The Unicorn Startups of Southeast Asia: Rise of Go-Jek by Audrey Tirtaguna C'22

With Uber exiting the Southeast Asian market scene earlier this year, the region is back up for Grab to dominate. However, the Singapore-based tech company is now facing growing competition from another startup in neighbouring Indonesia known as Go-Jek.

Also a ride-hailing unicorn company, or a startup that is valued at over $1 Billion,  Go-Jek had stirred up the tides ever since it entered the Indonesian market in 2015, rivaling both Uber and Grab. Rather than using taxis or personal cars to carry out its services, Go-Jek, like the origin of its brand name ‘Ojek’, which means taxibike in Indonesian, provides motorbike services for its customers. Equipped with its own online app, Go-Jek has services ranging from ride-hailing to various kinds of delivery and online shopping services, including package deliveries, food deliveries, medicinal purchases, and even hiring a “to-go hairdresser”. As of March this year, Go-Jek CEO Nadiem Makarim claimed that the app had already reached over 20-million online users, who are all between the age of twelve and fifty. “That pretty much represents all of Indonesia,” claimed Makarim regarding users of the app during his interview at the 2018 Pertamina Digital Expo in Jakarta, Indonesia.

According to Jonathan Moed of Forbes, it is this “tech-savvy” majority of Southeast Asia’s overwhelming population of over 650 million that makes it such an attractive region for startups. A majority of this young population are heavy mobile internet users and in countries like Singapore, Malaysia and Thailand, recent large investments in STEM education have created greater technology-building potential and great expectations for various new startups to emerge from the region in the future. This promising new generation has also attracted more investment by tech giants like Tencent and Alibaba to invest millions into the region, amounting to $13 billion of investment.

Uber’s inability to efficiently provide for locals despite its aggressive investment in recruiting drivers may explain its failure within the region and the selling of its business there to Grab. However, Grab’s constant backup from its investors also gave it leverage over Uber from the start; the lack of strategy in the Uber team, such as appointing experts of the region, may have also been a contributing factor to its failure. With Uber out of the picture, this puts Grab up against Go-Jek to be the dominating ride-hailing service in Southeast Asia.

As Google joins the lineup with other tech giants like China’s Tencent Holdings Ltd as investors of Go-Jek, the company has now raised over $2 billion. On August this year, it started its $500 million Southeast Asian expansion with Vietnam, and Go-Viet motorbike services are now covering twelve districts in Ho Chi Minh City. “Our initial testing phase has gone extremely well,” said Duc Nguyen, Go-Viet’s co-founder and CEO, regarding the recent launch of Go-Viet and the positive feedbacks it received from testers (Singh, 2018). With over 1.5 million downloads of the Go-Viet app even before its official launch, it seems that Go-Jek’s expansion had started on a good note. The company is also set on expanding to Thailand and the Philippines by the end of this year, although its Singaporean expansion may not happen anytime soon.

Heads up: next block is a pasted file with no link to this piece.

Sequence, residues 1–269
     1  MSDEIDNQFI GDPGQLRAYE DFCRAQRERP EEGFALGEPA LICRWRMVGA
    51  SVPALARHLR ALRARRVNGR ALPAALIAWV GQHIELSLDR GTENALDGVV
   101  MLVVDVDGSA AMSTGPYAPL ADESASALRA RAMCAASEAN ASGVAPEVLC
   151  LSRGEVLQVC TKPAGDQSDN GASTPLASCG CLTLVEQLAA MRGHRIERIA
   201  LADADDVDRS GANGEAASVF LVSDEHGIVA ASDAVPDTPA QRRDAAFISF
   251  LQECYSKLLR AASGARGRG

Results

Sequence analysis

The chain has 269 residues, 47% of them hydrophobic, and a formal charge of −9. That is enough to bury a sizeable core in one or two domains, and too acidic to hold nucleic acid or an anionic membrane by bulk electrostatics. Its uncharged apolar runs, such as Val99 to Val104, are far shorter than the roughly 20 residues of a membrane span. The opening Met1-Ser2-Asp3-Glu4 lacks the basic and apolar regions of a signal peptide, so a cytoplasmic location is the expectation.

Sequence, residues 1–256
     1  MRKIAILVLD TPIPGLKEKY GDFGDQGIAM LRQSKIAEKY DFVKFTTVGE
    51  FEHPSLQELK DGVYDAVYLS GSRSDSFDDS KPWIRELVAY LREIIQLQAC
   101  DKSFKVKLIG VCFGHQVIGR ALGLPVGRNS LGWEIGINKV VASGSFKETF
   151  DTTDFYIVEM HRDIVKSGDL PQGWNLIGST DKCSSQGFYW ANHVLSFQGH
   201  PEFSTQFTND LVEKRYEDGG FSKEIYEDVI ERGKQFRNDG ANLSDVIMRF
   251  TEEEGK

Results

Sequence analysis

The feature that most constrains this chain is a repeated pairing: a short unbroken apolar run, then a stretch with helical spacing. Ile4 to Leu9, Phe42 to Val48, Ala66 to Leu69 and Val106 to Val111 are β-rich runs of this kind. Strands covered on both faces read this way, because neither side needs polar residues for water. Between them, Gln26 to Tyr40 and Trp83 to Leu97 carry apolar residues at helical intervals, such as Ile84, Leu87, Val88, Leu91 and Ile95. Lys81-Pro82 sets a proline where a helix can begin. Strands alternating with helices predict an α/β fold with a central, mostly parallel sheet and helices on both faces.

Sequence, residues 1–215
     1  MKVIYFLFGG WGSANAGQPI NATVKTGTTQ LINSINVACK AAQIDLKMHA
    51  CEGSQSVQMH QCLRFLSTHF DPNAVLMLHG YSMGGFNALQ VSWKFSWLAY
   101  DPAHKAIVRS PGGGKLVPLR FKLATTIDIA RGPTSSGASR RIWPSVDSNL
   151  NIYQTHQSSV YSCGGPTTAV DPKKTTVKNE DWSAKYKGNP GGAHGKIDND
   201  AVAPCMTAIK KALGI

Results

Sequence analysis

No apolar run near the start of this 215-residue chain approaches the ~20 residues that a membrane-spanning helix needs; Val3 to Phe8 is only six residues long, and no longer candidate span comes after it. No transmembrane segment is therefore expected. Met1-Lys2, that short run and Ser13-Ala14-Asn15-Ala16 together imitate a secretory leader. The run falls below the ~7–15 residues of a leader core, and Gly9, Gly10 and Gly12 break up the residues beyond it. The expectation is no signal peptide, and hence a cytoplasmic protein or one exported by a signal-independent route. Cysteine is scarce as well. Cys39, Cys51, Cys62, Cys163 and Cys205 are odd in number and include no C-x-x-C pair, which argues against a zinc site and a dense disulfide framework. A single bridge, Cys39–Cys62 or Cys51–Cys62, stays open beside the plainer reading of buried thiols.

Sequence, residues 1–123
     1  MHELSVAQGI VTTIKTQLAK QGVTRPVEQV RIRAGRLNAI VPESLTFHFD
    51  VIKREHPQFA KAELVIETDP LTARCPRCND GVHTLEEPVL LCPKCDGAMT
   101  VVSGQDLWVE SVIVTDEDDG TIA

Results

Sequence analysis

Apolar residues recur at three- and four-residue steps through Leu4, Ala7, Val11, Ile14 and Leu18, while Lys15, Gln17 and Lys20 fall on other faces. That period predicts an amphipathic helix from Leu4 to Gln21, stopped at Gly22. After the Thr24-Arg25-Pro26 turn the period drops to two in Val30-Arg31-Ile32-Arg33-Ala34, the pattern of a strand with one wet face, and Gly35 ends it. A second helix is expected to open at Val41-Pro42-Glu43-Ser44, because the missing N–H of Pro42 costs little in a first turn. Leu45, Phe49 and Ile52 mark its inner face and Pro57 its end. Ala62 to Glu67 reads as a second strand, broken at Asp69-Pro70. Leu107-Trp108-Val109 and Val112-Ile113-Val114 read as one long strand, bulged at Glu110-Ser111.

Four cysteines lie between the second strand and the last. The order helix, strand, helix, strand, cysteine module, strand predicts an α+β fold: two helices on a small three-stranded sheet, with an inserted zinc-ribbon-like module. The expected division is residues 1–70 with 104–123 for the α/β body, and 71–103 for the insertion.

On the other hand, Grab had also garnered a total of $6 billion of investment from notable investors like Toyota, OppenheimerFunds and SoftBank. With this and the recent Go-Jek expansion, Grab has started to expand its own local services to food delivery, a new offline-payment service, and the provision of micro-loans and insurance products to match that of Go-Jek’s (Russell, 2018). Grab’s launching of GrabPlatform, believed to be Southeast Asia’s first ‘everyday superapp', allows partners to integrate their services into the Grab app. An example of this is Grab’s collaboration with HappyFresh, a Southeast Asian grover delivery provider, forming an on-demand grocery delivery service - GrabFresh. Grab is also set to further expand its influence in its rival’s dominant country, Indonesia.

Despite this, Grab may not be able to take the reigns in Indonesia due to the limited amount of services it provides in comparison to Go-Jek. Additionally, it does not have a coveted e-money license issued by the central bank that enables Go-Jek to provide services to customers with no bank accounts or credit cards.

As of now, Grab still claims the title of being the most-funded startup company in Southeast Asia, with services operating in eight different countries. But with the boost from Go-Jek’s recent investors and the wider array of services that it provides compared to Grab, Go-Jek’s expansion and threat to Grab’s Southeast Asian dominance may be greater than we think. Although the question of who will prevail in the market is still up for debate, there is no doubt that Go-Jek’s potential must not be underestimated.

Jakarta Post newspaper: “Why Grab has no handle on Indonesia” - Shuli Ren, Bloomberg Opinion